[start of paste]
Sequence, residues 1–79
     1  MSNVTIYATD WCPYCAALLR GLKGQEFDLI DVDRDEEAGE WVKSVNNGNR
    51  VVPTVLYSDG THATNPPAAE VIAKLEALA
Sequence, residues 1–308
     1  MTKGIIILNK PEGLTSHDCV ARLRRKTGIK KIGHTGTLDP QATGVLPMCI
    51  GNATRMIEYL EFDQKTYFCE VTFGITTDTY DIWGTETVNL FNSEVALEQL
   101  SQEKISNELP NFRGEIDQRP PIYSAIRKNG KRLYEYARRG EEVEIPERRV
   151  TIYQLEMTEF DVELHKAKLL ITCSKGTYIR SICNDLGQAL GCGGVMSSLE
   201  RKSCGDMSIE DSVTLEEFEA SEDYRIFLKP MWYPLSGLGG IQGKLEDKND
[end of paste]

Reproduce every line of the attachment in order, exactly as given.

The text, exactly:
Sequence, residues 1–79
     1  MSNVTIYATD WCPYCAALLR GLKGQEFDLI DVDRDEEAGE WVKSVNNGNR
    51  VVPTVLYSDG THATNPPAAE VIAKLEALA
Sequence, residues 1–308
     1  MTKGIIILNK PEGLTSHDCV ARLRRKTGIK KIGHTGTLDP QATGVLPMCI
    51  GNATRMIEYL EFDQKTYFCE VTFGITTDTY DIWGTETVNL FNSEVALEQL
   101  SQEKISNELP NFRGEIDQRP PIYSAIRKNG KRLYEYARRG EEVEIPERRV
   151  TIYQLEMTEF DVELHKAKLL ITCSKGTYIR SICNDLGQAL GCGGVMSSLE
   201  RKSCGDMSIE DSVTLEEFEA SEDYRIFLKP MWYPLSGLGG IQGKLEDKND